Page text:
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As post-bankruptcy Detroit welcomes more development, making sure all residents benefit with affordable housing and jobs is key to extending the city's revitalization, panelists told visiting journalists Tuesday.

“We have to do a better job,” said City Councilwoman Mary Sheffield at a town hall for the Detroit Chapter - National Association of Black Journalists. “There are so many areas ... that are missing out on opportunities and resources.” 

Disparities and perceptions anchored “Diversity in the D,” a discussion that the NABJ's Detroit chapter presented at City Theatre in the Hockeytown Café.

Diversity and its role in shaping society needs to be explored, NABJ President Sarah Glover said at the forum.

“(Diversity) really is the catalyst for change,” she told an audience of nearly 400 people.

Panelists including city officials and business leaders discussed expanding minorities' roles in Detroit’s civic, professional and business life.

Eric Means, a real estate developer who has been involved in major projects in Midtown and elsewhere in the city, recalled how working with other African-Americans helped accelerate his career. 

"This was two African-Americans who had a great vision I had an opportunity to be a part of," he said.

But some speakers worried about barriers preventing some residents from gaining the new jobs associated with development.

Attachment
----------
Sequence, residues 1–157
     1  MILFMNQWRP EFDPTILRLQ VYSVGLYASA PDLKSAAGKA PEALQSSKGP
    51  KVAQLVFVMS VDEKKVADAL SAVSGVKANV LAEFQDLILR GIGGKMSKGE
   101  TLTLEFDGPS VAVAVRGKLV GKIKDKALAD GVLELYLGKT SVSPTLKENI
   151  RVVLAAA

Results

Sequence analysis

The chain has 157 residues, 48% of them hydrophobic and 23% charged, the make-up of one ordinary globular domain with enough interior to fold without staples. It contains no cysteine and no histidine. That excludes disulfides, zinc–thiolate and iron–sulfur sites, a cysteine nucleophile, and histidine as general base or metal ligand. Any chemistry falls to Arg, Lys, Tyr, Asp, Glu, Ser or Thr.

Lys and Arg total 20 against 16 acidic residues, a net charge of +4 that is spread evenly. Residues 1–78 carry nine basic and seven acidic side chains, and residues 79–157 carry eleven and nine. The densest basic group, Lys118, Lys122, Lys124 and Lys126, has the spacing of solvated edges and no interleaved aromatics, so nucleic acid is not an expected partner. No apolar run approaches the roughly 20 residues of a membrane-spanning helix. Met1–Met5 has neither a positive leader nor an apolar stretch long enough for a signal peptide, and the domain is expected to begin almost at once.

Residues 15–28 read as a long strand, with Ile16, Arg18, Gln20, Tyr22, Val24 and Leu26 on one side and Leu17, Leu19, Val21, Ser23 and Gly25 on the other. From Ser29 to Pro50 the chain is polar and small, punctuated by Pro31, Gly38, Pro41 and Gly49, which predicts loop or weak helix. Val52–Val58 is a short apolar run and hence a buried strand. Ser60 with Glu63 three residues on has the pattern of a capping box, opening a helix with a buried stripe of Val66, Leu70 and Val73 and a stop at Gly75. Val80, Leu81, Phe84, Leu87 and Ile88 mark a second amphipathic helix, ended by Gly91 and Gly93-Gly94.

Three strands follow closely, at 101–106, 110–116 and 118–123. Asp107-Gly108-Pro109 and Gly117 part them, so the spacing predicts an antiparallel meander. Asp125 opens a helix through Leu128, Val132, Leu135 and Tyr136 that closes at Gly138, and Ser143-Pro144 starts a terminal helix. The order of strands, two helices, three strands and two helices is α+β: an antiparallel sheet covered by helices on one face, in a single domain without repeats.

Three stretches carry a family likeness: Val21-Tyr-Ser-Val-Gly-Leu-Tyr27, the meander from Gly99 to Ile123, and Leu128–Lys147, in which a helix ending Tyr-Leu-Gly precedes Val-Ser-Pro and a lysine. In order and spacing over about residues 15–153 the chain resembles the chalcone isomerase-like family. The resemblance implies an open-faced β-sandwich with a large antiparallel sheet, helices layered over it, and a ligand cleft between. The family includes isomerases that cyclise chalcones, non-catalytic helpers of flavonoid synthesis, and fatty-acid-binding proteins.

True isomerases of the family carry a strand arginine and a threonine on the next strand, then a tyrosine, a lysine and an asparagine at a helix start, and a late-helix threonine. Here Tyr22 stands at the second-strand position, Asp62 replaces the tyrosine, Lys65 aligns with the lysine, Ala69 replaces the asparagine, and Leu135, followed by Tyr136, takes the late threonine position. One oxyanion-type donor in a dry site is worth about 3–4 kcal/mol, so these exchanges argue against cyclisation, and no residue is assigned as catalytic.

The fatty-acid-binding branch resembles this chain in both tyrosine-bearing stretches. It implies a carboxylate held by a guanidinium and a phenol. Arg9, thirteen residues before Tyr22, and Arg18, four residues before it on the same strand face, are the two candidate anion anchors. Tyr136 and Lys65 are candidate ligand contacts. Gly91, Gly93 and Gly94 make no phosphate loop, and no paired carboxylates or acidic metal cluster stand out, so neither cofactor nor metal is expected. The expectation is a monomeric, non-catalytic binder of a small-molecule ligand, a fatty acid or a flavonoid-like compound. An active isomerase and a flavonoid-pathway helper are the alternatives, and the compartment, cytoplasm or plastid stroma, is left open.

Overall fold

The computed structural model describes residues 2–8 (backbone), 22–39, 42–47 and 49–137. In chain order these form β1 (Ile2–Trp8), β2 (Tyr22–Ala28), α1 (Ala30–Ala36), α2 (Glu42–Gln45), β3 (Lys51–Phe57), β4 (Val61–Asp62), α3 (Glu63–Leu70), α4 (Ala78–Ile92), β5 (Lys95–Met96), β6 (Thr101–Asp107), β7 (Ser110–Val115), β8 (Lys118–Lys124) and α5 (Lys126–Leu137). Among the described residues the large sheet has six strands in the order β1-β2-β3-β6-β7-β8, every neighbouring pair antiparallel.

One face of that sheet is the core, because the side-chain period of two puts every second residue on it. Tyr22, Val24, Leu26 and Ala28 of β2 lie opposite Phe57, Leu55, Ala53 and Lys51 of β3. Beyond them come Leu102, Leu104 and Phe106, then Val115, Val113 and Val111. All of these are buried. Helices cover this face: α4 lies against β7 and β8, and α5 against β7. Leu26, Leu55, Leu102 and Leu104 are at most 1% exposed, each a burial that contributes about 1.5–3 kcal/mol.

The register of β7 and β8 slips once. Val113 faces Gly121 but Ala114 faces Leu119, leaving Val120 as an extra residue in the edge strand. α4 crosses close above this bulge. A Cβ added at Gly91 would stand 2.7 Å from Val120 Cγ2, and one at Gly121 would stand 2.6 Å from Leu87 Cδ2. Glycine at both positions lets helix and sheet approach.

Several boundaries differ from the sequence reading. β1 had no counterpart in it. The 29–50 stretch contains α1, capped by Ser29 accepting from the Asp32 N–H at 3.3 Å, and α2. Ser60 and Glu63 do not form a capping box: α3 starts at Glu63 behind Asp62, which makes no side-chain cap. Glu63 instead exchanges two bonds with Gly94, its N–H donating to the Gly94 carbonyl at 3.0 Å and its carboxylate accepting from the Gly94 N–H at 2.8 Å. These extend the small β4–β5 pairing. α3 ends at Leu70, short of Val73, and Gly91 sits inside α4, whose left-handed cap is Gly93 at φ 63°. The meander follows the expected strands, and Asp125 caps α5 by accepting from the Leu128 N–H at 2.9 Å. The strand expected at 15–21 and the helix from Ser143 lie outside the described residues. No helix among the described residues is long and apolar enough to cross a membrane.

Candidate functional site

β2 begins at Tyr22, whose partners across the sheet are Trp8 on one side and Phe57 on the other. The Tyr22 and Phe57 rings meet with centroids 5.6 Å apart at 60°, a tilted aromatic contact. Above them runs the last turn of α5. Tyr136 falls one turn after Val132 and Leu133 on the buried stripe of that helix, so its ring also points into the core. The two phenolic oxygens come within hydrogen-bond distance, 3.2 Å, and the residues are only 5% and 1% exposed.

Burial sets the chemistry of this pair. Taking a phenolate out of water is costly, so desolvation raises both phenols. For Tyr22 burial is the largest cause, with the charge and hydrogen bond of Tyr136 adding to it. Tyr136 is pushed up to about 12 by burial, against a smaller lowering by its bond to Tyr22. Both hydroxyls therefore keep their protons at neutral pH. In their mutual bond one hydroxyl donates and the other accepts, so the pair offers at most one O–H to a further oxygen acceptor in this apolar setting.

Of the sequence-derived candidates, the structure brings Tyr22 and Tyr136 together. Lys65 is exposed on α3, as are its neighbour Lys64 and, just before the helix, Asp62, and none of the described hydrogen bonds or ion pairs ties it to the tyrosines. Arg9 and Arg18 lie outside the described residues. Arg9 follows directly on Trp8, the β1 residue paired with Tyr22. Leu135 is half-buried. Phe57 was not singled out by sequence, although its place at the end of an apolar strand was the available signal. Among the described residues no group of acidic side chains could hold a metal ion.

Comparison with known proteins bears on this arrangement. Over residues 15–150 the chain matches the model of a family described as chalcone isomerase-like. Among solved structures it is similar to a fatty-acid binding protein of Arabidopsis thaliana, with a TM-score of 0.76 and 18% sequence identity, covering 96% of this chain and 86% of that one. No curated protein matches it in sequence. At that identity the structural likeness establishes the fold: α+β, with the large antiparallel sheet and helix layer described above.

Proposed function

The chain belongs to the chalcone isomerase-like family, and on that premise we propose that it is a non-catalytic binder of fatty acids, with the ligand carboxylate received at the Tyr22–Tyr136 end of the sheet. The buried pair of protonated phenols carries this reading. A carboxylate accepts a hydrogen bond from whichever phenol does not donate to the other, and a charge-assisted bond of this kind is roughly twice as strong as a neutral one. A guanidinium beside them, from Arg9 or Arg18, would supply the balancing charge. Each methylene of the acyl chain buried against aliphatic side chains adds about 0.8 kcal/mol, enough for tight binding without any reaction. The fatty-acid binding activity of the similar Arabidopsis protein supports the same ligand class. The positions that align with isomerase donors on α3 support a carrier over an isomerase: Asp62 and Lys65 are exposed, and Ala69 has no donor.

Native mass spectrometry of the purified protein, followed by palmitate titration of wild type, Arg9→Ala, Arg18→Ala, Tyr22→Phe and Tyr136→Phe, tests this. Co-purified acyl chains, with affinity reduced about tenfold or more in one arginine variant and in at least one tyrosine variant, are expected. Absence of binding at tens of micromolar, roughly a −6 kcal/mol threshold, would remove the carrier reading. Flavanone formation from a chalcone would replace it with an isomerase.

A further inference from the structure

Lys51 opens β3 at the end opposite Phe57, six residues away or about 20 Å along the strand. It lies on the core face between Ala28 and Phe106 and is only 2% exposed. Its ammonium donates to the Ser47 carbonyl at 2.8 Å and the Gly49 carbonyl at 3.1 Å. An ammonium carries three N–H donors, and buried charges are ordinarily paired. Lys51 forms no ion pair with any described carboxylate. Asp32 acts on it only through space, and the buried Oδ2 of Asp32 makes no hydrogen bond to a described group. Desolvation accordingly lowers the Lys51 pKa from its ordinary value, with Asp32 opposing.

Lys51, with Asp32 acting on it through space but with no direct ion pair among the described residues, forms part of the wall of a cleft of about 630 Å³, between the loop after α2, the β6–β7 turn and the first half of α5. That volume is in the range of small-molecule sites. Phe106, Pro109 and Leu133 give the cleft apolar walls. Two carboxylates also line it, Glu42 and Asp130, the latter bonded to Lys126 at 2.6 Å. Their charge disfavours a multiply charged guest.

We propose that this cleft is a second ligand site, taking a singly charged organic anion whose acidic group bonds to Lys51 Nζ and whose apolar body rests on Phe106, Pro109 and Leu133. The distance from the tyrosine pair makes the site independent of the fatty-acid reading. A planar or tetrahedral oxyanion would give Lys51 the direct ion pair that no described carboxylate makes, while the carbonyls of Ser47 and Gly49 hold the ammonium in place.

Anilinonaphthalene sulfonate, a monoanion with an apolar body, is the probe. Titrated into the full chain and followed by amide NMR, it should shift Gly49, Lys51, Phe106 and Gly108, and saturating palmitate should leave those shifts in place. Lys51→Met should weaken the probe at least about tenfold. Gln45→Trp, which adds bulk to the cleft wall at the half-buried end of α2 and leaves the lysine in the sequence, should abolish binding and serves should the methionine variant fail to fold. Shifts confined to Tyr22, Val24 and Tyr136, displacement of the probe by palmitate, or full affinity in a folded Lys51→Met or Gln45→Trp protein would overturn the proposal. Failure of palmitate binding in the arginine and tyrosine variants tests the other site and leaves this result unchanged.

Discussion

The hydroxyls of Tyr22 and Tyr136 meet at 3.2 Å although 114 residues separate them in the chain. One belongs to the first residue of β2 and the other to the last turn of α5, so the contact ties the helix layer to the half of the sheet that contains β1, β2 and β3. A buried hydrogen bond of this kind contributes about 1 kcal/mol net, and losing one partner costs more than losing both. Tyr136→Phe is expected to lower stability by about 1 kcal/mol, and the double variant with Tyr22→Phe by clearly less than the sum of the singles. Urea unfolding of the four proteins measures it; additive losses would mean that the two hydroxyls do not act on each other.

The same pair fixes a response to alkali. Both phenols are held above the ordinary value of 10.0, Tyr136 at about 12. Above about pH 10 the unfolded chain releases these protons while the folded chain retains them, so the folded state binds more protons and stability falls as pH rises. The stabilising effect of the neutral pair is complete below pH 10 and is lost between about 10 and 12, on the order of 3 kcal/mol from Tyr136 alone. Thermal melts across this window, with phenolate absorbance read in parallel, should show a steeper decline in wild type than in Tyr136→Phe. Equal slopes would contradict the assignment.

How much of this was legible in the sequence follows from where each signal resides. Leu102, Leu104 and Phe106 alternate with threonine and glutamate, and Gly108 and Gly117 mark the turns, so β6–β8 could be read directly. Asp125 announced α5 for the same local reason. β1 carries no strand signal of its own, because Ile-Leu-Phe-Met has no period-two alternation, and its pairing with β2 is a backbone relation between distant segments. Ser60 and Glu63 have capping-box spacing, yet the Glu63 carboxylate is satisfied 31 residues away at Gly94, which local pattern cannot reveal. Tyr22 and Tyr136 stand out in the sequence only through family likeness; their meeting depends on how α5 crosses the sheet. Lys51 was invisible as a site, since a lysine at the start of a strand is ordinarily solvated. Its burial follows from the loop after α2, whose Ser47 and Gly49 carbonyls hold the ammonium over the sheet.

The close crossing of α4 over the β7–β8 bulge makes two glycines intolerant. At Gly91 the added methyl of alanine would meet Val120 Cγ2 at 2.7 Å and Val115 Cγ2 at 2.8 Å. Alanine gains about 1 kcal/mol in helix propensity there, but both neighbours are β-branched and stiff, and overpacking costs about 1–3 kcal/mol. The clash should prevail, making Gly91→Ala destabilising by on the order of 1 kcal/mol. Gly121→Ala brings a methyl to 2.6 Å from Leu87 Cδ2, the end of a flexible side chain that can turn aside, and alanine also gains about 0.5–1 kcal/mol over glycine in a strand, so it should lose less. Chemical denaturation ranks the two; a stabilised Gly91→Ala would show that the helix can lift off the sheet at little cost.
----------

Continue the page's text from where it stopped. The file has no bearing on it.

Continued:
“We have to have some real robust programs ... to get our residents prepared to make sure contractors connect,” Sheffield said.

Nolan Finley, a Detroit News columnist and editorial page editor, agreed.

“I think we’ve got to tear down a lot of barriers to employment," he said. "… We’re shutting out too many people from employment, and not only employment, but employment training.”

A second panel addressed the effects locally and nationwide following the Kerner Commission report in 1968. President Lyndon Johnson appointed the 11-member group following unrest in Detroit and New Jersey, and tasked it with determining the causes as well as ways to prevent more disturbances. 

The commission recommended that the federal government spend billions to attack structural racism in housing, education and employment.

The study also touched on the role of the media in depicting minority communities in the 1960s, and suggested that lack of minorities covering those areas limited coverage that could have highlighted the underlying issues that sparked the episodes of civil unrest.

A half-century after that landmark report, newsrooms have diversified, but that has not always translated to upper management, where more decisions about coverage are made, said Marla Drutz, general manager at WDIV (Ch. 4).

“Things have gotten better, but they’re nowhere near where they need to be,” she said.

The discussions interested Jessica Gassiyombo, a Detroiter who works in the auto industry.

“It’s insightful,” she said. “Inclusion is really important.”

The session was among the activities connected to the 2018 NABJ Annual Convention & Career Fair, which officially kicks off Wednesday and is taking place in the Motor City for the first time since 1992.

Through Sunday, nearly 3,000 journalists, media executives, public relations professionals and students from across the country are expected to attend, joining in events ranging from a fireside chat with business Dan Gilbert to city tours and a plenary on technological innovation.

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